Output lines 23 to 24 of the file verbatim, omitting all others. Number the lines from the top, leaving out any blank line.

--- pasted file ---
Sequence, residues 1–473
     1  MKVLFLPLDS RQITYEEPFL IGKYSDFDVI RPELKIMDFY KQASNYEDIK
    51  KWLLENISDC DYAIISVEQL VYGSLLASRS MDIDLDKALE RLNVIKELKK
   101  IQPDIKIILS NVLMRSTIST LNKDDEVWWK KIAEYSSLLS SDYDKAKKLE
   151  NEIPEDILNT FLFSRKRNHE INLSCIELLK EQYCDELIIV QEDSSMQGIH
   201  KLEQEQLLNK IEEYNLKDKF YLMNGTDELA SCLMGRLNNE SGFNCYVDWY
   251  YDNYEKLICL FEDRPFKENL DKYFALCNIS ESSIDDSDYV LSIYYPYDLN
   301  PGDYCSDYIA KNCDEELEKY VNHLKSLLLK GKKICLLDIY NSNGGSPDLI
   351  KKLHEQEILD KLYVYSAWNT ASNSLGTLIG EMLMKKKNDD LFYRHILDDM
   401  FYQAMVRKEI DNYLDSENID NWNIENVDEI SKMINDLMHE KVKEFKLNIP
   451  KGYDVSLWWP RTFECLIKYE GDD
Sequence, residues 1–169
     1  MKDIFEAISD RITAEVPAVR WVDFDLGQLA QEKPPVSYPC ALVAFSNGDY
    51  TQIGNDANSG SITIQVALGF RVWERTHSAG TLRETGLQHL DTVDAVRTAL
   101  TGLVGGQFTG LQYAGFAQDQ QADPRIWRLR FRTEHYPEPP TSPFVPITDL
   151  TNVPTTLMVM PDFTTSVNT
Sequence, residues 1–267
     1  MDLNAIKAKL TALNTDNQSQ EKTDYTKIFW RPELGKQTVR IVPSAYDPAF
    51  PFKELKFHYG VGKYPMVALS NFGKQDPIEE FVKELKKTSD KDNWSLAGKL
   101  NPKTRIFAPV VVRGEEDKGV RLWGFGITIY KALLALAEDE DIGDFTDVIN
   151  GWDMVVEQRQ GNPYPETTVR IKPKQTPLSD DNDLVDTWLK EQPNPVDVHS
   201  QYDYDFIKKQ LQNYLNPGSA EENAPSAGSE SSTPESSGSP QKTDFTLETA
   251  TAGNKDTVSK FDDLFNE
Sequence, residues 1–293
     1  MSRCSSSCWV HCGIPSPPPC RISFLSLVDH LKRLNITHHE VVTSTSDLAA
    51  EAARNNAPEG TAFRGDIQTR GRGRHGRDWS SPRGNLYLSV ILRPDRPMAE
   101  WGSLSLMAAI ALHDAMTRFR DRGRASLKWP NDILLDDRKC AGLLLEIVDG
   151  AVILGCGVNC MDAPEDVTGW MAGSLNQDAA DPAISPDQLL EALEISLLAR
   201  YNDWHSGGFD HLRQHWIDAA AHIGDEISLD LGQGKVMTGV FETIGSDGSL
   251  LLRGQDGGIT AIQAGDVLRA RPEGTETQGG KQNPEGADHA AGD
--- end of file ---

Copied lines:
   251  TAGNKDTVSK FDDLFNE
Sequence, residues 1–293